With every new operating system comes a fresh set of features that serve up convenience...at the cost of your battery life. In many cases, it's just not worth having your phone die when you need it most.
If you're looking to get more juice out of your phone's battery, or are one of the many people with a Nexus 5 plagued by a possible battery issue, change these settings.
Use the new GPS feature
Many apps -- not just the mapping types -- have recently found a way to incorporate location-tracking into their offerings. From check-ins to finding "nearby" business, these apps eat into your battery life as they work to pinpoint your location.
KitKat attempts to solve this issue with a new Battery Saving GPS mode, which minimizes the number of reference points used to find your location. Because it's still pretty accurate, it's a good default choice.
To enable this mode, head to Settings > Location > Mode, and enable Battery Saving.
Whenever you need super-precise tracking, switch this setting back to High Accuracy. Until then, enjoy the benefits of less strain on your battery.
"Not OK, Google"
On the one hand, be thankful your phone is such a good listener. On the other hand, it's not worth killing your battery life.
Thanks to the new, persistent Hotword detection, you can say "OK, Google" from any home screen (or within Google Now) to prompt Google Search and Voice Actions. That means, however, that your phone is always listening, waiting for you to say those magic words.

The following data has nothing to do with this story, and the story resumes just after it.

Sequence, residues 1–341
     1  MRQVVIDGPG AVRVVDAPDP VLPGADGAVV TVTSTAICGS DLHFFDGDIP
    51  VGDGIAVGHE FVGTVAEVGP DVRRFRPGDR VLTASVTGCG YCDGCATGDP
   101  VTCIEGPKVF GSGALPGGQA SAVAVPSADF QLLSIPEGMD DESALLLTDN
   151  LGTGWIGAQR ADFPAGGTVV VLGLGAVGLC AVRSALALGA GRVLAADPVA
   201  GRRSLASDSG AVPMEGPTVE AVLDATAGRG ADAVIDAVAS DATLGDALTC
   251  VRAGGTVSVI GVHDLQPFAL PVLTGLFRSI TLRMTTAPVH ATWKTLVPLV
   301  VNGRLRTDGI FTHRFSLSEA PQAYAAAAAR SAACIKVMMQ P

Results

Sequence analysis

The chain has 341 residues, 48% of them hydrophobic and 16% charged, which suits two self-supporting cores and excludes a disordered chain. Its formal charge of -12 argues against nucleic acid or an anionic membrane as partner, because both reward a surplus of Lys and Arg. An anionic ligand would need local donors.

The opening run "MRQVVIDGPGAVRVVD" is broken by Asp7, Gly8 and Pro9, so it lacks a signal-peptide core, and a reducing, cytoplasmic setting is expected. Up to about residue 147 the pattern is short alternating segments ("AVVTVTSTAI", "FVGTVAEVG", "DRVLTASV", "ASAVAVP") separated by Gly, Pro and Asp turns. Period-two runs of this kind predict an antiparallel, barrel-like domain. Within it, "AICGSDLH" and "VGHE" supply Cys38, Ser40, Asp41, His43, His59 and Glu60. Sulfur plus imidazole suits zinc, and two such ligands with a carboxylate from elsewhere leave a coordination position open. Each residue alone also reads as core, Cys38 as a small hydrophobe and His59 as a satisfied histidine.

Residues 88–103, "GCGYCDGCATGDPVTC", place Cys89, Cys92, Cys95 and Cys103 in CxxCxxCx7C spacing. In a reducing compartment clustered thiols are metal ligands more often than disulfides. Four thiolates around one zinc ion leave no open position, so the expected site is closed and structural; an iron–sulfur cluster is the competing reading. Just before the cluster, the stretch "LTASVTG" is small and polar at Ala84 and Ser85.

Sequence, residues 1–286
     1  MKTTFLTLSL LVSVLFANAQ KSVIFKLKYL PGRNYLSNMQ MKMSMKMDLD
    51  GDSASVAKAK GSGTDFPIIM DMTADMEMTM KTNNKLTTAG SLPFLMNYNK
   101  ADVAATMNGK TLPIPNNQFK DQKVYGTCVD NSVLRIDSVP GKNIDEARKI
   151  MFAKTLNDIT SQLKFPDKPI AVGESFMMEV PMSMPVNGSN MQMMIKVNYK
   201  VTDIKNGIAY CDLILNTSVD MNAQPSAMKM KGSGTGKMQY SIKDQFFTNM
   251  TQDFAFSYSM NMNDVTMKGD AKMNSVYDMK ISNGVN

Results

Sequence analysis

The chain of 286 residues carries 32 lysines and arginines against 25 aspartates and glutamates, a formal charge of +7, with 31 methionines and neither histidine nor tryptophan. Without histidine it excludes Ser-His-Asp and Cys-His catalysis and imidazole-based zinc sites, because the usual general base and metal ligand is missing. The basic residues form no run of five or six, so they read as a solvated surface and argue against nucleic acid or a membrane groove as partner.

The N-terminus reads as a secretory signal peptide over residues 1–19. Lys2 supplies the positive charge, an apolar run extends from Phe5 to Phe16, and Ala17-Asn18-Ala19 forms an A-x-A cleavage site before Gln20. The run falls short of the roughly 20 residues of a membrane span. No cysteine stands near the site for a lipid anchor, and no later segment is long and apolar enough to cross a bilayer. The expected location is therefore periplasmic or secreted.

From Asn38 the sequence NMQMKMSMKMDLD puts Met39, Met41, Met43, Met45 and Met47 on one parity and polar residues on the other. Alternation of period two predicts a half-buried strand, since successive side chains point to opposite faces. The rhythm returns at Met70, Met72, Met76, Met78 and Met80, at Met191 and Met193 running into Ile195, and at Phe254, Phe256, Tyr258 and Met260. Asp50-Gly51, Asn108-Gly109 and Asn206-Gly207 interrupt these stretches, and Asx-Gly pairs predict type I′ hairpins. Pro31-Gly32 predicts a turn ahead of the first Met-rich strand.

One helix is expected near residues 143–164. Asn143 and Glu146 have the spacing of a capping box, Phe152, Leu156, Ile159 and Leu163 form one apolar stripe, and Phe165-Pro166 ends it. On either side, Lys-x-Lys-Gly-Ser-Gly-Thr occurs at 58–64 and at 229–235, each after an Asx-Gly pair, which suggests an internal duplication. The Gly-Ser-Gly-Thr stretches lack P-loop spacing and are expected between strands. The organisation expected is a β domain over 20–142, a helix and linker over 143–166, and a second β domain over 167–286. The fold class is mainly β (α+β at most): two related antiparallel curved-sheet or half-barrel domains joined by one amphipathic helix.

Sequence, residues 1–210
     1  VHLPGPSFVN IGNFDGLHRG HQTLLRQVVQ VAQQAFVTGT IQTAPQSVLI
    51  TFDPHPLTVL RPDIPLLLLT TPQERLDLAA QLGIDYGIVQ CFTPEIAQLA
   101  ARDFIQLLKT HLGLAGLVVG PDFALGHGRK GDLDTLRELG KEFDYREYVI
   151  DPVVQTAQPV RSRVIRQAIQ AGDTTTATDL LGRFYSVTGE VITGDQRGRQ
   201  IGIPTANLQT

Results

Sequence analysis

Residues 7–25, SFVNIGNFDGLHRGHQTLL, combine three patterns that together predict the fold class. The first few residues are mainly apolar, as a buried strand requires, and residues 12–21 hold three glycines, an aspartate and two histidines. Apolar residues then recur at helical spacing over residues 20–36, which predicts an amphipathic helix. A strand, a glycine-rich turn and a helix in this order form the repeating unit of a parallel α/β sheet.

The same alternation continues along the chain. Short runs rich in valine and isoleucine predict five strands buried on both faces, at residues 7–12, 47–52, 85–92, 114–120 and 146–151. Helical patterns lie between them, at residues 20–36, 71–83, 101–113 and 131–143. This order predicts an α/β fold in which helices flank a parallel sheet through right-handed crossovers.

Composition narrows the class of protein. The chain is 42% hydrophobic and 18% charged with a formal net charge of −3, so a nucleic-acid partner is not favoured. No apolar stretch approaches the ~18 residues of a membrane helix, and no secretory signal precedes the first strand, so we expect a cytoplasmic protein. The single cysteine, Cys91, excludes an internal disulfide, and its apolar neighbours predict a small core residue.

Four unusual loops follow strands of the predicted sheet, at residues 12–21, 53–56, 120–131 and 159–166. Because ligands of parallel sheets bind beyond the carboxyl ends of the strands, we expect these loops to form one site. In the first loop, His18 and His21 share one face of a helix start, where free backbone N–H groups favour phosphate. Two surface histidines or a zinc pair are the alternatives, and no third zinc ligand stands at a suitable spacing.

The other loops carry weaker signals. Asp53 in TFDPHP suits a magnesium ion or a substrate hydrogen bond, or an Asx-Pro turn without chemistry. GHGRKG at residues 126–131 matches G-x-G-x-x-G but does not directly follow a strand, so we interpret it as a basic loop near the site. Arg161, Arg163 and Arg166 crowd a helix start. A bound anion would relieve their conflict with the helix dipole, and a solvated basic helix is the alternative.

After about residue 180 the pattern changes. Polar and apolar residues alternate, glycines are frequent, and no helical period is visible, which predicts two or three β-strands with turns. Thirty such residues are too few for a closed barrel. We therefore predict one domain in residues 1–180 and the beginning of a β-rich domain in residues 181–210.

To turn that feature off, head to Google Now > Settings > Voice, and disable Hotword Detection.
NFC when you need it
This one's a no-brainer, not new to KitKat, and yet, I often find that people leave NFC enabled -- even if they don't use it.
If you have an NFC-enabled phone (like the Nexus 5), ensure it's on only when you need it. For those who need to keep it enabled, double-check to see that Android Beam is disabled.
To adjust these settings, navigate to Settings > More (under Wireless and Networks) > NFC.
Get out of sync
When add an account to your phone, Google assumes you'd like to sync just about everything. That includes Google Play purchases, Google Keep, and even photos.
That last one is killer: photos. Each time you snap a picture, Google uploads it to your account to back it up. For those who use their phone as their primary camera (that's everyone, right?), this can seriously hurt your battery life.
There are two ways to change this. Head to settings and find your e-mail address under Accounts. Tap the account name again to access sync settings, where you can un-check the items you don't want synced. Included there is that "Google Photos" option.
Alternatively, head to the Gallery app > Settings, and disable Google Photos Sync.
Use the battery tool
If you still can't figure out why your battery is draining, make use of the built in power monitor, which displays the amount of power each active app is using.
To access the battery tool, call up the notification shade, tap the Quick Settings icon, then hit the battery logo. Here, you'll see a complete list of active apps. Take a look around to see if any are consuming an unusually high amount of power. Your phone's display and networking processes (like Wi-Fi) are unavoidable, but you might find that an app you downloaded is a battery hog.
If you identify a battery-sucking app you'd like to shut down, tap it from the list, and hit "force stop."